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; ' . THERE'S GOOD IN EVERY HEART.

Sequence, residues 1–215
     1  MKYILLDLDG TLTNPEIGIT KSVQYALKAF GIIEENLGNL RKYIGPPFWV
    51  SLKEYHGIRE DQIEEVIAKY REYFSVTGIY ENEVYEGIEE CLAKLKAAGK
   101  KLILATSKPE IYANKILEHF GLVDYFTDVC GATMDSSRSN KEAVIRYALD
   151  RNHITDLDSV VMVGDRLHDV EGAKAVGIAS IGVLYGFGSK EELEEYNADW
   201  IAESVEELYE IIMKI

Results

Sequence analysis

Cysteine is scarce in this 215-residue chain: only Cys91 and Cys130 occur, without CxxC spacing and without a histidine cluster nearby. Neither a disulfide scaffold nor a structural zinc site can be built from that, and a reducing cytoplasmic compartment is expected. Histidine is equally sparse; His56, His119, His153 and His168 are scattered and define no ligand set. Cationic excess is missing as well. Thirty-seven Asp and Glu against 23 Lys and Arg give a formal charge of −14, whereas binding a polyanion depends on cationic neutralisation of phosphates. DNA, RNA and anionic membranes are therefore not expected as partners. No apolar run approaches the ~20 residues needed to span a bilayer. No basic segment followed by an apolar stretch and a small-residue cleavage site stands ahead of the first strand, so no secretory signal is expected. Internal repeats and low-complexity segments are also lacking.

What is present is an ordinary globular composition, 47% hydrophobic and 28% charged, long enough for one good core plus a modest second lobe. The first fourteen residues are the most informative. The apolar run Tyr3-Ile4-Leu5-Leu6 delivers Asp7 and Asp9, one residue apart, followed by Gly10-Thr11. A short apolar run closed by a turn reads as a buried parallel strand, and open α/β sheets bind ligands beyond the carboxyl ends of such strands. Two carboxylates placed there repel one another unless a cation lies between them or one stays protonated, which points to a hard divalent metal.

Wouldst thou win the crime-stainU wand'rer back From Vice's dark and hideous track ? Let not a frown thy brow deform ; .'Twill add but fierceness to the 6torm. Deal kindly. In that bosom dark Still lingers Virtue's glimmering spark. Plead with him 'tis the nobler part There's something good in every heart ! Bring to his mind the early time, Ere sin had 6tained his 6oul with crime ; "When fond affection blessed his hours And strewed his joyous path with flowers; When sportive jest and harmless gleo Bespoke a spirit pure and free. Plead with him 'tis the nobler part There's something good in every heart. There was a time that heart did rest Close to a mother's yearning breast A time his ear the precepts caught A kind and virtuous father taught. It matters not what treacherous ray First lured his steps from Virtue's way Enough to know thou yet may'st save That soul from sin's engulphing wave. Plead with him act the nobler part There's something good in every heart 1 Ascent of Mont Blanc by Albert Smith. Chamounix, August 14, 1851. -This quiet Alpine valley has for the last week been in a most unusual state of activity and excitement. About seven days ago the people learned that three students from tho University at Oxford, and an English author, were getting themselves into condition for the ascent of Mont Blanc. Guides and villagers were at once on the qui rue, and the adventurous party were regarded with much interest wherever they went. On Tuesday morning the preparations being com pleted, the party set out from tho hotel with sixteen guides, and a number of aspirants for the post of guide who attended the voyagers and their paid party for the purpose of learn ing tho rout to the summit of tho mountain. After their departure, telescopes were fixed from the windows of tho Inn, and in other places, to watch the progress of the toilsome ascent, and before six o'clock it was evident the voyagers had crossed the great glacier, and had arrived at their resting place for tho night on the Grands Mullets. Yesterday morning, as soon as day-light afforded ft clear view, tho adventu rors were again visible by tho aid of a good glass, and by twelve o'clock were making the linal ascent. They rested on the summit for about twenty minutes, and then commenced their descent, arriving here about seven o'clock. The excitement during the previous twenty four hours had been very great in Chamounix, anxious wives and parents having hubbandsand sons among the party up in tho snows, and the interest being by no means diminished by the fact that Robert Peel who had arrived here af ter the departure of his relative for the ascent invited all the men remaining in the village, about sixty in number, to an entertainment pro vided at an aubcrge, where they were supplied with wine and other popular liquids in which to drink tho health of the Englishmen who were sleeping on Mont Blanc. This ceremony was repeated in the most willing manner again and again till long after midnight. When in the evening, the party from Mont Blanc approached the village, nearly all the inhabitants assembled to meet them. Guns were fired in quick suc cession; the harps and riddles of the valley were in requisition, and a sort of a half comic al half triumphal scene ensued. The travelers and guides looked very jaded and sun-scorched, and bad very blod-shot eyes and rather dilapi dated costumes, but in other respects, seemed to be in tolerable condition. This successful ascent by four Englishmen, turns the scale of numbers in favor of the English ; the French tourists having been hitherto accustomed to point with satisfaction to the fact that more of their countrymen than of ours had succeeded in reaching the top of the King of tho Alps. The present forms the 25th ascent the first dating 1787. The cost as well as labor and dan ger of these daring excursions is very great. The talk of tho village declares' that the ascent will cost the party of four travelers fully JC150. Curiosities from the Upper Missouri. The St. Louis Intelligencer gives the following account of various curiosities brought from the wild regions that border on the upper waters of the Missouri River: "The Steamer St. Ange, Capt. Labargc, ar rived here yesterday from the Yellow Stone, af ter a voyage of fifty-two days. Capt. L. in forms us that for ten years past he has, in eve $y successive annual trip, observed a remarka ble looking solitary cedar tree standing upon a bleak and elevated point, about fifty miles be low the mouth of the Yellow Stone. While coming down, this last trip, he saw that his old acquaintance had fallcn.to tho earth. Curiosi ty led him to the spot which was about half a mile from the river, and perhaps 700 feet above its level, when he found to his surprise, that the tree was in the most perfect state of petrifac tion. Judging from tho shortness of the inter val since he had seen it standing, it must have been in that condition while standing erect as it had grown ! The trunk was about thirty-six inches in diameter. A fragment from it is now lying upon our table, and is decidedly the most perfect specimen of ligenous petrifaction we have ever 6ten. Dr. Evans, U. S. Geologist, who came as pas senger on the Ange, found near the same spot, the shoulder blade of a Mastodon, measuring nearly 3 and a half feet across also some en ormous foot bones of the same animal. Fossil shells, the head of a snake, and other curiosi ties, were found by Dr. E, in the same locality. Among tho notabilities of the trip was the catching of a beautiful specimen of Linnet a bird very rarely seen by some of tho boat hands. Its plumage is beautiful, and tho melo dy of its song most charming. Mr. Berthold, who also cam on tho boat, brought with him the stuffed skin of one of tho mammoth mountain sheep of the Yellow Stone region. It stands about as large as an ordina ry milch cow, and is indeed a' remarkable curios ity. Capt. Labargc brought down some beautiful specimens of tho rocks found on Cannon Ball river, whoso name is derived from them. They are perfectly spherical, and without a very close inspection, would pass for real cannon ball any where. They are of sizes ranging from that of a common marblo toy to the bulk of a half bushel measure. They arc seen in measureless abundance, projecting from tho face of the steep banks between which the river runs. There are twenty newspapers published in California, most of which have been burnt out or.ee, and tome two or three- timco. Eccentricities of Macaulay. A London writer gives the following description of Macau lay the statesman and historian. There is a common pedestrian of London streets, well known to all who are acquainted with their notabilities. He U short, stout, stur dy, energetic man. He has a big round face and large staring and very bright hazel eyes. His hair is cut short, and his hat flung back on the crown of his head. His fiait is firm and de cided, with a little touch of pomposity. He is ever provided with an umbrella which he swings and flourishes, and batters on the pavement with mighty thumps. He seems generally absorbed in exciting and impulsive thought, the traces of which he takes no pains to conceal, ins iace works, his lips movo and mutter, his eyes gleam and flash. Squat as is the figure, and not par ticularly fine, in the features there is an unmis takable air of mental power and energy, ap proaching to grandeur, about the man. He is evidently under the influence of the strong ex citement of fiery thought. People gaze curious ly at him, and stop to staro when ho has pass ed. But he heeds no on seems indeed to have utterly forgotten that ho is not alono in his pri vacy, and pushes energetically on, unwriting of the many who smile, or of those who step re spectfully aside, and look with curiosity and re gard upon Thomas Babington Macaulay. Oc casionally, however, the historian and tho poet gives still freer vent to the mental impulses which appear to bo continually working within him. A friend of mino lately recognized him dining in the cofl'ee room of the Trafalgar Ho tel at Greenwich a fashionable whitebait house which it appears he frequently patronises. He was alone, as ho generally is, and the attention of more than one of tho company was attracted by his peculiar muttering and fidgitincss, and by the muto gestures with which ho ever and anon illustrated his mental dreatuings. All at once it must have been towards tho climax of the proso or v6T.se which he was work ing up in his mind Maecaulay seized a massive decanter, held it a moment suspended in the air and then dashed it down upon tho table with such hearty good-will, that the solid crystal flew about in fragments, while the numerous parties dining round instinctively started up and stared at the curious iconoclast. Not a whit put out, however, Mr. Macaulay, who was well known to the waiters, called loudly for hi bill to be made out at the bar, and then pulling with a couple of jerks, his hat and umbrella from the stand, slapped tho one carelessly on his head, and strode out flourishing the other. Insect Mesmerism. Although tho cock roaches abounded inconveniently at the Mauri tius, it was not without pity that I saw them consigned, as they frequently are, to a living grave by a wicked looking insect, much resem bling a Spanish fly. It was impossible to wit ness his proceedings, combined with his glitter ing green and blue dress, without imagining the selfish demon of a pantomine leading an in nocent victim to perpetual entombment in somo haunted cavern. Let the cockroach be moving ever so briskly across the wall, he had no soon er caught sight of t ho fatal insect, not a quarter of his size, than all energy leaves mm, ana ho stands stupidly resigned. The fly then walks up to him, looks him hard in the face, and pres ently putting forth some apparatus which 6tands him in place of finger and thumb, gently takes the cockroach by tho noso and leads him quiet ly along for a foot or two. Leaving him there, he commences a thorough examination of the neighborhood, beating the ground up and down like a well trained setter, and not finding what he wants, returns to the cockroach and leads him on a little further, when the same process is gone through, sometimes for hours, till the whole wall has been examin ed. Chinks there are plenty, but they do not suit him ; he has taken the measure of his vic tim's bulk and means to lodge him commodious ly. Presently a suitable hole is found, and the fly, moving backward, gently pulls the cock roach after him into his last home. What hor rors are perpetrated in this dark recess cannot be more than surmised. The object is undou't edly to engage him as a wet nurse. No doubt the poor cockroach is bored in 6ome part not vital, and eggs laid in him; a purpose, indeed, for which his succulent motherly frame seems peculiarly adapted. And not improbably, during this vicarious in cubation, he is supplied with food, until tho young of whom ho is pregnant, being hatched, commence, in return for his services, " to gnaw his bowels for their repast." It is in vain that during the scene described you urge the cock roach to seek safety in flight. Tho poko of a stick is disregarded ; he seems deaf to all hints ; nay, move him to another part of tho wall, he awaits there with the same stolid indifference the return of his tormentor. Probably a sly thrust is given him in the first meeting of noses or some " leprous distilment" dropped in his ear; for ho has entirely tho air of being hocus sed. Voyage to the Mauritius. The Richts of Women and Wrongs of Men. When the simple question of superior ity is at issue, the men have always given up. If ladies and gentlemen meet on the sidewalk, who have to turn out? If there are not seats enough for tho company, who has to stand up? When there is danger to face, who must go forward? If there is curiosity to gratify, who goes behind? If there is too much company for the first table, who cat at the second ? Who has always the right hand and most enviable position? Wo could mention a hundred other cases in which, on the simple question of right, every thing is yielded to women. But there are many cases in which the condition of men is still worse. For instance, if on any public oc casion a pew at church, or a seat any where, bo occupied by men ever so respectable or aged, a 6tnirky little beauty trips along and presents herself at the top of the 6eat, and then they must all jump up and run out as if they had been shot. Especially ought it to be noticed, that when matrimonial negotiations are to be made, the whole burden of performing the del icato and often embarrassing part of making proposals is thrown upon the men, while the women sit and say no, no, no! as long as they like, and never say yes until they havo a mind to. When any hugging and kissing or other delectable exercise is to be performed, the poor man is required to do all the work, the luxuri ous beauty having nothing to do but be still and enjoy it. " Our sufferings is intolerable." It is not the height to which men aro ad vanced that makes them giddy; it is the looking down with contempt upon those beneath. Old Maids. Thoughtless young people do light in making fun of old maids. A little con sideration would teach them better. , Some of the kindest and truest and best of women wo have ever known were old maids. It is a pity nay, it is cruel to wound tho feelings of any one a generous heart will not stoop to it more especially if that one be a woman. Alas I how little do we know of tho trials and sufl'er ings of many who are sneeringly denominated oil maids ? 'Perhaps the constancy of youthful affection the pure and deep devotion of a first and only love, has kept many a woman single for life. A Girl, who worked in a Printing Office. A Cincinnati paper states that three years ago a poor orphan girl applied and was admitted to set type for that paper. She worked two years during which time she earned, beside her board, $200, and availing herself of the facilities which the printing office offered, acquired a good edu cation. She is now associate editress of a pop ular paper, and is engaged to be married to one of the smartest lawyers in Ohio. Stick no bills Here. During a late concert at the City Hall in Manchester, several of the seats having been spoken for, were labelled "cn gaged." Upon the audience leaving, it was as certained that one of the ladies walked home with the word "engaged," in large letters, upon her back one of the labels having been fasten ed to her dress. Among tho articles that the French have late ly invented, is a smoothing-iron for taking the wrinkles out of the face. By means of a five minutes' application, old maids nre made, "good as new." Look out for counterfeits, as the boy said when ho saw his sister enter her bed room with a half a bale of cotton in her arms. An Irishman, upon seeinga squirrel fall from a tree, said " Faith, and that's a waste of pow powder; tho fall itself would have killed the squirrel." I To Postmasters I Post Ofllt-e Stamps. rpiIE Advertiser, Tost Master, at Pleasant drove, J Alleghany county, Marylaud,is the first person in the United States, conceived and undertook ex tensively, to publish the idea of furnishing all Post Offices in the country with cheap stamps. All stamps made by him, warranted equal, or superior to any others that can bo procured for the same price, and whenever any are sent out, in any man ner defective or unsatisfactory, duplicates will be forwarded on notice, without extra charge. All who order a set of stamps, with full set of changes for dates, at only $2,00 (lor thirty pieces shall be kept in stamps ad libitum. Full set with one change, one dollar. "When stamps arc neatly made, with turned han dles and screws, same style as the regular Post Of fice stamps durable, efficient, and warranted, price 1 to 2 dollars only, and special authority to send by mail free. Address P. M., Pleasant Grove, Allegha ny Co., Maryland. Any Editor publishing the above, with this no tlee.J three times, and sending a copy of the paper, shall receive credit for ten dollars in wood letter, or a ten dollar proof press ; or if preferred, a wood en graving, or an engraved newspaper head, of the above value will be forwarded. fn7 3v. Pleasant Grove, Md., July 18)1. AKTISTS' UNION OF CINCINNATI. rpiIE "Artists' Union" is established in the city JL of Cincinnati, for tho promotion of the tastes for the Fine Arts, and the encouragement of the great body of artists residing in the western States. The plan of the institution unites greut public good with private gratification, at a mere nominal ex pense. The annual subscription of membership is live dollars, which entitles members to all its privileges. The money obtained from subscriptions, (alter pay ing necessary expenses), is appropriated to the pro duction of two line engravings, of winch every sub scriber receives a copy of each for every five dol lars paid to the publication of a monthly journal devoted to literature and art and to the purchase of American Works of Art, which will be publicly distributed by lot among all the members, on the first of September of each year. The Paintings dis tributed will be richly framed at the expense of the Institution. Subscribers for 18)1 receive a copy of Mount's celebrated picture of " Catching Rabbits," and a beautiful print of ' "Washington," after Stuart's cel ebrated Portrait, which is admitted to be the best now in existence. There have been about ninety paintings already purchased for distribution, nearly every artist of merit in the West being represented in the collec tion, among whom may be mentioned, Mrs. Lilly M. Spencer, T. W. Whittridge, W. L. Sonntag, P. S. Duncanson, G. N. & J. P. Frankenstein, Charles Sonic, J. 0. Eaton, Emilc Pott, V. M. Griswold.Wm. II. Beard,' J. Cox, P. M. McConkey, G. W. White, Clias. Pogers, J. It. Johnson, and others. Among the paintings to be distributed are the fol lowing: Domestic Happiness, by Mrs. L. M.Spen cer, considered her best work ; The Season, by W. L. Sonntag ; The Old Mill, by the same ; Crawford's Battle Gronud.by V.M. Griswold; KiverPaisin Bat tic Ground, by 11. S. Duncanson ; two marine views by J as. Hamilton : several sketches by Thos. Birch; three of Whittridgc's best Landscapes; three of G. N. Frankenstein's Kentucky Views ; four land scapes by Duncanson; two by V. M. Griswold: five by W. L. Sonntag ; three of Francis' celebrated Still Life pictures; a fancy head, Genevieve, by J. O. Eaton ; and Viola, by Chas. Soulc. Besides these there arc about sixty other paintings, mostly by western artists ; in addition to which others will be added as fast as subscriptions arc received. Additional information in regard to the plan and objects of the above institution, will be furnished by Honorary Secretaries, who arc appointed in all the principal places in the Union. In places where there nre no lion. Secretaries, subscriptions can be forwarded to Thos. Farris & Co., acting managers of the Artist's Union of Cin cinnati. Subscriptions received by IIkxry Pex noyer, Hon. Secretary for Grand Haven and vi- cinity. The Christian Advocate and Journal. I3UBLISHED weekly, at 200 Mulberry street, New York, One dollar and twenty-five cents, pay able, in all cases, in advance, eithcir at this office, or to an authorized agent, who will inform us of the fact. When this is done, and not till then, will the paper be forwarded. Subscribers who commence after the beginning of the volume, will pay in advance to the end of the year at the rate ot two and a half cents per number. Aqrnts. -The itinerant ministers and preachers of the M. E. Church arc the authorized agents of all our publications, to whom payment may be made for any of our periodicals. Agents will be allowed 20 cents for each new subscriber whose name they forward, accompanied with tho cash, and ten per cent for all monies col lected on old subscriptions. Agents will be entitled to the paper by paying one dollar in advance, (or by forwarding five new subscribers.) or by collecting and paying over ten dollars on old subscriptions. 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Lives of James Mad ison and James Monroe forth and fifth Presidents of the United States by John Quincy Adams, to which is added a history of their Administration. 1 vol. 12 mo. 435 pp., with Stesl Portraits, cloth, price $1,25. This new and popular volwme, being the only authentic record of the lives and public career of Presidents Madison and Monroe, has already pas sed through several large editions, over six thous and copies having been sold within the first six months of its publication,, and the demand still continues unabated. m : Extracts from Letters received by the publishers. It is really a valuable addition to American Biog raphy, as it is a gratifying proof of the enterprise and public spirit of the publishers. Z. Taylok. Such a work may be read with profit and advan tage by all who take a lively interest in the emi nent men of our country. II. Clay. Fremonts Exploring Expedition, through the Rocky Mountains, Oregon and California, addi tional "El Dorado" matter with several portraits and illustrations 435 pp. 12 mo. Cloth or sheep, price $1,25. Oregon and California. "Tho Exploring Expe dition to the Rocky Mountains, Oregon and Cali fornia, by Bvt. Col. J. C. Fremont." It is a fair 12 i mo. of 450 pp., just issued by G. II. Derby & Co., ! Buffalo. Now that the hopes of getting them out of Con gressmen is at an end, while three-foutths of the applications must have been unsuccessful, we ad vise tho Califomians to walk up to the Captain's office and buy Mr. Derby's edition. The letter press is far better than that of Congress. N. Y. Trib. Life of General Andrew Jackson.. New edition, revised and enlarged, with Bancroft's Eulogy. Steel portraits 100 pages, cloth or sheep, $1,25. Of the work before us wo think we may safely say that its editor has striven to divest his mind of nil other considerations that the one which should possess it the considerations that he was writing the life of a great man, whose deeds were the property of the nation to which ho belonged, and not to any sect or class. Buffalo Courier. Young's Science of Government. New and im proved edition, 3C0 pp., in Morocco binding, price 31.25. Questions of public policy, not merely affecting the interests of our country, but involving consti tutional principles, and even liberty itself arc not unfrequently decided by the ballot box. Yet mul titudes of our citizens presume to exercise the pre rogative of freeman without knowing the duties and responsibilities of freeman are. The poll lists of our States are annually swelled by thousands of new voters, who have never given the Consti tution so much as a single reading. Oregon. Its history, condition, prospects, geog raphy, climate and productions, with personal ad ventures among the Indians during a residence on the plains bordering the Pactie while connected witli the Oregon Mission, embracing extended notes of a voyage around the world. By the Rev. Gustavus Hincs. 535 pp., 12 mo., sheep or cloth binding, price $1,25. In Oregon, the Author's first enjoyment was an exploratory tour among the Indians of the Ump qua River, which empties into the Pacific. The one supplies us with some geographical informa tion and a mixed account of tho Indians of that country. Mr. Ilines has the advantage of a com parative unstudied field, and his book will be of in tercst beyond the limits of his missionary friends as a contribution to the local h'story of Oregon. Literary World. Turner's History of the Holland Purchase, of Wes tern New York, with eight portraits of early pion eers. Maps and plates, 700 pp., 8 vo., cloth or sheep, price $3,50. Library of Xatural History. 1 vol. royal octavo with 400 engravings, compiled from tho works of writers on Natural History. Cloth, extra binding, price $3,50. Cyclopedia of Useful and Entertaining Knowl edge; forming a complete Library of useful and entertaining knowledge, &c, &c. By W. It. Mur ray Esq. Embellished with 350 engravings, 1 vol. royal 8 vo., Morocco, extra binding. Price $5,50. Newspapers copying this advertisement en tire (including notice,) and giving it one or more insertions, 6hall receive two copies of the $1,25 book, or for six insertions, with an editorial no tice, shall receive a copy of the $5 work, or four $1.25 books, subject to their order. KT All letters should be post paid. For further particulars apply post paid, to Geo. II. DERnY & Co., Publishers, Buffalo. THE SCIENTIFIC AMERICAN, rpiIE BEST mechanical paper in the world, will JL commence a new volume about the 20th of Sept. each year, and is the best paper for mechan ics and inventors published in the world. Each volume contains 410 pages of most valua ble reading matter, and is illustrated with over 500 Mechanical engravings of new inventions. The Scientific American is a weekly Journal of Art, Science and Mechanics, having for its object the advancement of the interests of mechanics, manufacturers and inventors. Each number is il lustrated with from five to ten original engravings of new mechanical inventions, nearly all of the best inventions, which arc patented at Washington be ing illustrated in the Scientific American. It also contains a weekly list of patent claims : notices of the progress of all Mechanical and Scientific Im provements ; practical directions on tho construct ion, management and use of all kinds of machinery, tools, r, yr. This work is adapted to binding, and the subscriber is possessed at the end of the year of a large volume of 410 pages illustrated with up wards of 500 mechanical engravings. Term s. Single subscription,$2 a year in advance; $1 for six months. Those who wish to subscribe have only to enclose the amount in a letter. A Present! To any person who will send us three subscribers, we will present a copy of the pat ent laws of the United States, together with all the information relative to patent office business, inclu ding full directions for taking out Patents, method of making the specifications, claims, drawing, mod els, buying, selling, transferring patent rights, &c. X. B. Subscribers will bear in mind that wc cm ploy no agents to travel on our account. Munn & Co., Publishers of the Scientific American, 128 Fulton street New York. All letters must be post paid. 5 copies 0 months, $4 J 10 copies 12 months, $15 5 " 12 " 8 1 20 " 12 " 28 Southern and Western money taken at par for subscriptions. Tost Office Stamps taken at- their full value. TITST rpo'd at Griffin's. Old Java and Rio coffee. f J Y. H., II. S., Black, and Gun powder teas, pure juice wine, and unadulterated brandy for medical use only; Cuba sugars and molasses,loaf, powder ed and crushed sugars ; Ebcn. Goodwins Sarsapa rilla; mixed and pressed tobacco, Oronoke, Caven dish and common plug tobacco, bulk, and paper smoking tobacco: iron, nails; 79, &X10and 10 14 glass ; putty, chalk, whiting, white lead, red lead, and other paints, spirits turpentine, alcohol, sallad oil, Lemon syrup; Dr. Osgood' chologogue, Dr. Moffatt's Life Pills and bitters, opium, camphor, Castor oil, Quinine, &c, raisins, nuts, spices, &c. &c, and m ill bo sold for cash or ready pay at tho lowest possible prices, ltf. Grand Haven Jane 20, 1851. OUSE AND LOT FOR SALE. The subscri bcr intending to leave Grand Haven, offers at a bargain his house and lot, fronting the river, on tho high ground South of Eaton'g Hotel, and commanding a fine view of tho river and lake Michigan. The property Including the Ball,Alley adjoining, Is well calculated for a public house, or boarding establishment, and witn little expense can be made to' accommodate as many travelers or boarders as any In the place a clear title given. For terras which will be very low, apply to tho subscriber, or at this office. Grand Haven. fltf. W. W. Kanoie. Prospectus f th National Mouumrnt. , A weekly Journal, to be published in "Washing-1 ton under the sanction of the Washington Nation' al Monument Society. ' - . The Monument, edited and published by James C. Pickett, is intended to be a literary, agricultural,, and miscellaneous paper. It will contain select por tions of the literature of the day the best that can bo found in American and European publications f foreign and domestic news ; a synopsis of the pro ceedings of Congress ; and every thing that such a journal might be expected to contain, with tho ex ception of party politics, which will be at all times most rigorously excluded. .' The Monument will be published for the express and sole purpose of aiding in the erection of the no ble column now rising on the bank of the Potomac in honor of the Father of his Country, and which every one who venerates the name of Washington will rejoice to 6ee built. After deducting out of the subscription the expense of the journal proposed to be published, the remaining funds will be faith fully applied, and without reserve, to the purpose indicated. The aid therefore, of all who are will' ing to contribute to so patriotic an object, and one so entirely national, is earnestly requested. By subscribing to the Monument a valuable Journal at a low price is obtained, while it will be doing some thing at the same time towards completing that ma jestic memorial of the nation's gratitude. The Board of Managers recommend Mr. Pickett, formerly 4th Auditor of the Treasury and Charge d'Affaires to Peru, who proposes to edit and pub lish the Monument Journal, as one well qualified to perform the duties of editor, and to conduct the pa per faithfully and satisfactorily to all subscribers They assure their fellow citizens that this paper is nnt. ii KTiprnlnrirm trct nn fVii tnrtlvirliinl rmnlnmnt Mr. Pickett will make the experiment with his own means and at his own risk; and if successful he win umic iiuujuiK mure, unu ne hskh iiuming more, than a very moderate compensation for his services. Not one dollar, therefore, of the direct subscription to the erection of the monument will be, in any event, applied to the support of the pa per, nor the Society in any manner held pecuniari ly responsible. To give the public an Idea of what may be done with the journal it is proposed to publish, it may bo stated that a list of fifty thousand paying subscri bers, at two dollars each, will yield an annual prof it of from fifty to sixty thousand dollars. The Postmasters and the Secretaries of all organ ized bodies throughout the Union are respectfully requested to act as agents in obtaining subscrip tions for this journal, thus aiding the great object of our exertions. As all editors and publishers, on account of the object for which the Monument newspaper will bo established, must wish it to succeed, it is hoped that they will contribute to its success by publishing this prospectus. All moneys will be remitted, and all letters and communications addressed, prepaid, to the Gener al Agent of the Monument Society, Hon. Elisha Whittlesey, Washington. OFFICERS. Millard Fillmore, ex officio President. Arch Henderson, 1st V. President. Walter Lenox, Mayor of Washington, 2d V. Pres't. Thomas Carberry, 3d V. President. J. B. II. Smith, Treasurer. George Watterston, Secretary. BOARD OF MANAGERS. Wlnficld Scott, Tho's Blagden, T. II. Crawford, N. Towson, Peter Force, Tho's Monroe, W. W. Scaton, W. A. Bradley, M. F. Maury, P. R. Fendall, Benj. O. Taylor, Walter Jones, E. Whittlesey. Terms. The Monument will be printed on a double royal sheet, the paper and type being of the best quality, and in quarto form, containing sixteen large pages, that it may be more easily preserved.. The price will be two dollars per annum, payablo on the receipt of the second number. The nature of the enterprise not admitting of any credit, none can be given. Till: DOLLAR MAGAZINE. A MONTHLY miscellany of agreeable literature, for the whole country. Tbe cheapest origin al periodical now published. This established Periodical, on the basis of the popular and widely-extended list of Holden's Dol lar Magazine, at the lowest price, unexceptionable on the score of taste and morality, with no section al or sectarian biases, will furnish to its readers,, from month to month, the most agreeable Novel ties which ingenuity can devise or activity success fully present to the public. The pages of each issue of the Dollar Magazine will embrace Contributions by the most Eminent hands Portraits Fiction Philosophy Sketches Poetry Humor Personal reminiscences Trav els Society in the City, Country, and Wilderness ; and tho most complete summary of the conversa tion, Literature, Arts, Speculation, and agreeable news of the month. The Pictorial Illustrations will be select and of a definite character not picked up at random but adapted in time, character, and choice, to the wants of the Magazine and its readers. Of these one of the most striking series will be a Gallery of Por traits of American Representative men. designed and engraved expressly for the Dollar Magazine, with interesting personal notices from original and au thentic sources. The Fiction the Tales and Advent ures,vrllbc of a striking character, such as read aloud would ar- rest the attention of the Family circle; and agree able, not merely from their narrative and incident but also for their clearness of style and sympathy with the purest and profoundest emotions of our nature. Town life, and Country life will be piquant ly and faithfully represented. A series of Pictures of Fashionable life will be presented. There will al so be, handled in an attractive manner sketches, and illustrations of American Everyday Trade and Commerce. In fine, with pleasure and novelty in their best sense, for a motto, it is the design to meet the read er monthly with the most tastefnl,entertainlng,and harmonious Miscellany which ample resources, dil ligcncc, and a determination not to be outstripped by any competitor in the field, can achieve. The terms of subscription of the Dollar Magazine are one dollar per annum, payable in advance, to be remitted to the publishers E. A. & G. L. Dcyckinck 10J Nassau street, N. Y., when the work will be mailed for one year to any post-ofllco address. THE INDEPENDENT. A WEEKLY religious newspaper, published by S. W. Benedict, at 24 Beekman street, at $2 per annum, payable in advance. Edited by Rev. Leonard Bacon, D. D., Joseph P.Thompson andR.. S. Storrs, Jun., assisted by Rev. Henry Ward Bccch cr and Joshua Leavitt. The Independent was not established as a money making institution, but to give utterance to truth,, according to the judgment of its editors, without reference to our opinions, or the pecuniary Interests of the Journal. The editors have the entire control of its columns but have no pecuniary interest in. the concern. The proprle tors having confided the management of the pap r unconditionally to the editors, are personally pledged for its support. In the results of this enterprise we have not been dis appointed. The first number was issued in Decem ber, 1818, without a subscriber. The Independent now has a circulation exceeding 5,000 and Is stead ily increasing. Although sold at 25 per cent, less than the nominal price of some other religious pa- , pcrs of the same clas,s. The Independent contains about one third more matter than most of them. Though the proprietors have been unknown to-' the great body of the readers of the paper, and havo never obtruded their own position and agency up on them, they have taken great pleasure in contrib uting of their means to provide for thousands a good religious Journal, and will spare no expense hereafter to make that Journal the best which the country affords. THE LADIES KEEPSAKE, PUBLISHED monthly, by John S. Tatlo; will make one of the most elegant volumes ever published in this country. To each subscri bcr who may send to the office of publication, one dollar; seven copies for five dollars, fifteen coplc for ten dollars. Edited by Professor Abrott.. 14'Na?sHU Street. New York.